Midwest Region Recruiter Kera Halvorson visited campus on Nov. 5 to educate students on possibilities of volunteering through the Peace Corps.
“I served as a health promotion volunteer in Turkmenistan where I specifically focused on a maternal family health project,” Halvorson said. “I was there to educate pregnant women and women in general regarding personal issues they were normally too embarrassed to talk about.”
Most of the volunteer opportunities with the Peace Corps fall under six categories: education, agriculture, youth and community development, environment, health and HIV/AIDS, and business information and communication technology. According to the Peace Corps website, 90 percent of volunteer positions require a four-year college degree.
“I fell in love with my study abroad experience during college and found there’s no better and cheaper way to live abroad than through the Peace Corps,” Halvorson said.
The length of service is 27 months, which includes an average of three months of in-country training for language, technical skills and safety awareness. The Peace Corps considers hobbies, work and volunteer experience when placing participants. There is a Peace Corps office in every country in case volunteers feel unsafe or need assistance.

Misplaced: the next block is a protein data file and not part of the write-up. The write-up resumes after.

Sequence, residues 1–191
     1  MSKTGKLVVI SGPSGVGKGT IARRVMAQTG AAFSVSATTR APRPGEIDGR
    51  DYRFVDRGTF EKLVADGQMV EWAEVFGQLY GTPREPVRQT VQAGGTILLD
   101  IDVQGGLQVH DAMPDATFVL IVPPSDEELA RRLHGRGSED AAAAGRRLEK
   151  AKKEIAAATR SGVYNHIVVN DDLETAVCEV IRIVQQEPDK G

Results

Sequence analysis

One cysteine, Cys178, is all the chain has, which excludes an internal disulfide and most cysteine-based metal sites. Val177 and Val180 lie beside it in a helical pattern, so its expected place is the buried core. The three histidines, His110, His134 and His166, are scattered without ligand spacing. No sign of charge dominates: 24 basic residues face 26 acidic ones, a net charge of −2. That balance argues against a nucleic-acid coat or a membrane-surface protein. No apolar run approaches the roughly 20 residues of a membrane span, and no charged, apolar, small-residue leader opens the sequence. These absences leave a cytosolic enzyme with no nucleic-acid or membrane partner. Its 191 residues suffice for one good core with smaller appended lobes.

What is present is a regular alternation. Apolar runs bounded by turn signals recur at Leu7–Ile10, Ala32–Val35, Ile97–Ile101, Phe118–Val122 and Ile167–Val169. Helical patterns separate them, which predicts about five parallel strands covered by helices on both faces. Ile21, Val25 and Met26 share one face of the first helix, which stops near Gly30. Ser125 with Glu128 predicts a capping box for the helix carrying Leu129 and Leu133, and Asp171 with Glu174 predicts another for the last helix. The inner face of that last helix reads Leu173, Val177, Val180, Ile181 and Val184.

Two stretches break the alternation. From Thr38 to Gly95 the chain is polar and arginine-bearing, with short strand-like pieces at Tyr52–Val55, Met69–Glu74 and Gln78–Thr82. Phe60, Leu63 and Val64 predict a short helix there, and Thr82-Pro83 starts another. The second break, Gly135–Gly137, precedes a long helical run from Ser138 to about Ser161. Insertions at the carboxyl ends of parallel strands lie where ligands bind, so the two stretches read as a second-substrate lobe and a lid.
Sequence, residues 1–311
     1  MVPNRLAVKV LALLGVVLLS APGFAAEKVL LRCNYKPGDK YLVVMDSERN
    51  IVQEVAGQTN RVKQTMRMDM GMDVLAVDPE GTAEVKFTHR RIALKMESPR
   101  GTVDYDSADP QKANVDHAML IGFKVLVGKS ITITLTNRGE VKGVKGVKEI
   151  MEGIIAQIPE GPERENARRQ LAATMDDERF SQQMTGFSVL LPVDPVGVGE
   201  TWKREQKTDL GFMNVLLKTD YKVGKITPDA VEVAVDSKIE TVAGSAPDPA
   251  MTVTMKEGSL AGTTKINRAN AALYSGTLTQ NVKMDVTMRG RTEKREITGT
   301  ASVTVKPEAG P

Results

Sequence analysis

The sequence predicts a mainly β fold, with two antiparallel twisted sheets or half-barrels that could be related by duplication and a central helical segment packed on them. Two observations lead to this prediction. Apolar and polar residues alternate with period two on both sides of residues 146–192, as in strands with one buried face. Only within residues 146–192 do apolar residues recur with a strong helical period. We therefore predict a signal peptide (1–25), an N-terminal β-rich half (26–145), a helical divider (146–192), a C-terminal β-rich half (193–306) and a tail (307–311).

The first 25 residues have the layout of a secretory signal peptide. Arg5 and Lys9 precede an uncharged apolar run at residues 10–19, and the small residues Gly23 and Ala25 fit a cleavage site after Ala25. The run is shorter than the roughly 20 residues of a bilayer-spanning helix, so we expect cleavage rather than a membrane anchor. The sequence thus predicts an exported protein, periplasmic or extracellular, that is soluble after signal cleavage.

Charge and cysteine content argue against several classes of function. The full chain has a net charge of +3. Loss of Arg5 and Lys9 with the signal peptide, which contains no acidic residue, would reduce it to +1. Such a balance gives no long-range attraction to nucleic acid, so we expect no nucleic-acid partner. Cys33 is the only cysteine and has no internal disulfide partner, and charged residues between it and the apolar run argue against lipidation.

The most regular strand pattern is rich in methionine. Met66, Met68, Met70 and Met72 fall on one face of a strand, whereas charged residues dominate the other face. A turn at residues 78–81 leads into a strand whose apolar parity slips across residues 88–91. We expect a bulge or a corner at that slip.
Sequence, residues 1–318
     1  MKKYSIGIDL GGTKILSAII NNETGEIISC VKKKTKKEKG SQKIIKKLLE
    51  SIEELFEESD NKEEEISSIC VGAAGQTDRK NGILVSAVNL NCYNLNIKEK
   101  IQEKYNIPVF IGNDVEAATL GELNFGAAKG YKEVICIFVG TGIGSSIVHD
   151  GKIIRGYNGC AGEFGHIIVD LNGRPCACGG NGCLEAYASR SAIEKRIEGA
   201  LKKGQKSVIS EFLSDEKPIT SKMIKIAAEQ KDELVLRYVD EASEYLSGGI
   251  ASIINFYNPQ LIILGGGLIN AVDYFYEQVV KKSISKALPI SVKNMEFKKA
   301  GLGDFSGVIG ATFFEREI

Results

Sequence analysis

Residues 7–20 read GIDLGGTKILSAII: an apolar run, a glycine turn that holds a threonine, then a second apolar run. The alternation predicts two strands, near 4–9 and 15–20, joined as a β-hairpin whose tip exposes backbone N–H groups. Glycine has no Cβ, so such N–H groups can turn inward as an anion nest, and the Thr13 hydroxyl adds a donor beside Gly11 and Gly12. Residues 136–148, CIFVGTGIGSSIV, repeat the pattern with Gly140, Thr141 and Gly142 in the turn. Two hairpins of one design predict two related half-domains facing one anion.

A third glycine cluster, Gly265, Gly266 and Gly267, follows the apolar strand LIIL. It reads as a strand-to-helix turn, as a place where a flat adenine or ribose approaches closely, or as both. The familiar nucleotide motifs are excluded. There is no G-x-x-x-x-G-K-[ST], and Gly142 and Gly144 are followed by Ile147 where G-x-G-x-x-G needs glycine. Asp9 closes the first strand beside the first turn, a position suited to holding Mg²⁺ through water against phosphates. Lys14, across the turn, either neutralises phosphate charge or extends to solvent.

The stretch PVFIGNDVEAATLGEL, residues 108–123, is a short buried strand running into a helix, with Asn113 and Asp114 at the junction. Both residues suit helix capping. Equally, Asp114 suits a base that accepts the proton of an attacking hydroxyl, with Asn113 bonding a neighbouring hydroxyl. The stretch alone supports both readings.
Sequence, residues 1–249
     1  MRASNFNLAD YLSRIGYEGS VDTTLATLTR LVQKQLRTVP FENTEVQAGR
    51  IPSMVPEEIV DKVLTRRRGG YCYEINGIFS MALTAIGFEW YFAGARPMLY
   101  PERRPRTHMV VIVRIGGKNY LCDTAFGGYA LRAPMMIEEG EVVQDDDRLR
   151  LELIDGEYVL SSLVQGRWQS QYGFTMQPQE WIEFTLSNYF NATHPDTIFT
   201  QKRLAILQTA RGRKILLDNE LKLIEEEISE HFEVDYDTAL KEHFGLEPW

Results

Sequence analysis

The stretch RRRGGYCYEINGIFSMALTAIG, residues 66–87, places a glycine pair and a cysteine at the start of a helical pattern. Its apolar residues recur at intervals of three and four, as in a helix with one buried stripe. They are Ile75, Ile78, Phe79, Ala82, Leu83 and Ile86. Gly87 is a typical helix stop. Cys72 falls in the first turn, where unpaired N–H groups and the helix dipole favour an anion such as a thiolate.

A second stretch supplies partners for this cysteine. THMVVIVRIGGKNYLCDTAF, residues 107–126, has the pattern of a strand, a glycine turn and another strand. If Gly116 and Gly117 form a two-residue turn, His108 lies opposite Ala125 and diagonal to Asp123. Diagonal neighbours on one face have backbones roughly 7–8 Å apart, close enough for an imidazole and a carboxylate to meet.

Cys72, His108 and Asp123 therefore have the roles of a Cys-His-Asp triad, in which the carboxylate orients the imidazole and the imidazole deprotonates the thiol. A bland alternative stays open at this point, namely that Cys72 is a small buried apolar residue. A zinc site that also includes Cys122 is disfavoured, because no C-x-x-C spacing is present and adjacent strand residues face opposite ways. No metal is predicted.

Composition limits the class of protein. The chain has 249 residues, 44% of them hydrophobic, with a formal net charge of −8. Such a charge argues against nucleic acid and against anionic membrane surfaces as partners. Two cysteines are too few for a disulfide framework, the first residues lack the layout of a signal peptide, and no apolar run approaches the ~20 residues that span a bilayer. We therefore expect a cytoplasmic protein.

Chris Yahnke, the chairman of the biology department, volunteered in the Peace Corps in Paraguay for 27 months.
“I would say I struggled initially adjusting to the pace of life and how difficult it was to accomplish seemingly simple tasks,” Yahnke said. “I learned people were more important than progress. If you visit my office, I keep a Paraguayan hammock to remind me of that principle and to remain tranquil.”
The organization is a federally funded corporation, so it is free for volunteers. Each volunteer is given a living stipend along with $7,425 upon completion of his or her service. Returned volunteers also receive one year of noncompetitive eligibility for employment in the federal government.
“The Peace Corps is not for those looking to make money,” Halvorson said. “It’s all about making a difference in the lives of our volunteers and then our friends and family upon returning home.”
Halvorson said reverse culture shock is often experienced upon returning home, but there are multiple support groups for Peace Corps volunteers that can help in reallocating oneself with the states.
“This is an opportunity to learn and be the best face the U.S. has to offer,” Yahnke said. “It is an opportunity to practice resourcefulness, see what it feels like to be a minority and put 10 years of personal growth into two years of life. It is your classroom on how to drink deeply from life. If you don’t return with new eyes, you did it wrong.”